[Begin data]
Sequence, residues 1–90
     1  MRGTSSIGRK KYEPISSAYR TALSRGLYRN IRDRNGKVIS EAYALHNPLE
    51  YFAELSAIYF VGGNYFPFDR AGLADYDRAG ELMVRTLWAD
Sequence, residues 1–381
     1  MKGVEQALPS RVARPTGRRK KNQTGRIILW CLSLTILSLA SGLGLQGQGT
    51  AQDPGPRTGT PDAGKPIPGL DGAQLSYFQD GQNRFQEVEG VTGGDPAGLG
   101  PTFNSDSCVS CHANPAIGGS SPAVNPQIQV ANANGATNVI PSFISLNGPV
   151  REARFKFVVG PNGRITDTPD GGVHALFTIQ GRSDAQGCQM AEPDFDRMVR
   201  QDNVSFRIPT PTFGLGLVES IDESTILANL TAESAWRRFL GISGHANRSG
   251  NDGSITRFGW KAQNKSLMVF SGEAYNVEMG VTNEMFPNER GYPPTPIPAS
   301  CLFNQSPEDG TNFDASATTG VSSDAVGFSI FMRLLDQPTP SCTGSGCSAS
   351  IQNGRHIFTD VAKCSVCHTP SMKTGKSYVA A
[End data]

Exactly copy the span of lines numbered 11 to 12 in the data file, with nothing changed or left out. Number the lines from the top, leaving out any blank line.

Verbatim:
   301  CLFNQSPEDG TNFDASATTG VSSDAVGFSI FMRLLDQPTP SCTGSGCSAS
   351  IQNGRHIFTD VAKCSVCHTP SMKTGKSYVA A